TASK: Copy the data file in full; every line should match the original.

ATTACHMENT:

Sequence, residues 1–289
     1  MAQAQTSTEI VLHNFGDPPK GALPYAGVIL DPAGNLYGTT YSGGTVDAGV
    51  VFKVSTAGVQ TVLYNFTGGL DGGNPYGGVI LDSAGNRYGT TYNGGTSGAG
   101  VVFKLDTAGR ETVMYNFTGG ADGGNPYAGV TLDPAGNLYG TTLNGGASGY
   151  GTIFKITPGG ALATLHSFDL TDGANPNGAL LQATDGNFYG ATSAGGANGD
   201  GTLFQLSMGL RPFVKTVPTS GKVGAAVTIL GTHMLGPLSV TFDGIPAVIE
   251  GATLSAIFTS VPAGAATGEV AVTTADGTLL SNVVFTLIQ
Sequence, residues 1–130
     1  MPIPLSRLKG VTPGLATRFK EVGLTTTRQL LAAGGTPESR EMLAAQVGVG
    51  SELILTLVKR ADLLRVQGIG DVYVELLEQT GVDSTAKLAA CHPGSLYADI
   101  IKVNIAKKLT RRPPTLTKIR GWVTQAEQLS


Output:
Sequence, residues 1–289
     1  MAQAQTSTEI VLHNFGDPPK GALPYAGVIL DPAGNLYGTT YSGGTVDAGV
    51  VFKVSTAGVQ TVLYNFTGGL DGGNPYGGVI LDSAGNRYGT TYNGGTSGAG
   101  VVFKLDTAGR ETVMYNFTGG ADGGNPYAGV TLDPAGNLYG TTLNGGASGY
   151  GTIFKITPGG ALATLHSFDL TDGANPNGAL LQATDGNFYG ATSAGGANGD
   201  GTLFQLSMGL RPFVKTVPTS GKVGAAVTIL GTHMLGPLSV TFDGIPAVIE
   251  GATLSAIFTS VPAGAATGEV AVTTADGTLL SNVVFTLIQ
Sequence, residues 1–130
     1  MPIPLSRLKG VTPGLATRFK EVGLTTTRQL LAAGGTPESR EMLAAQVGVG
    51  SELILTLVKR ADLLRVQGIG DVYVELLEQT GVDSTAKLAA CHPGSLYADI
   101  IKVNIAKKLT RRPPTLTKIR GWVTQAEQLS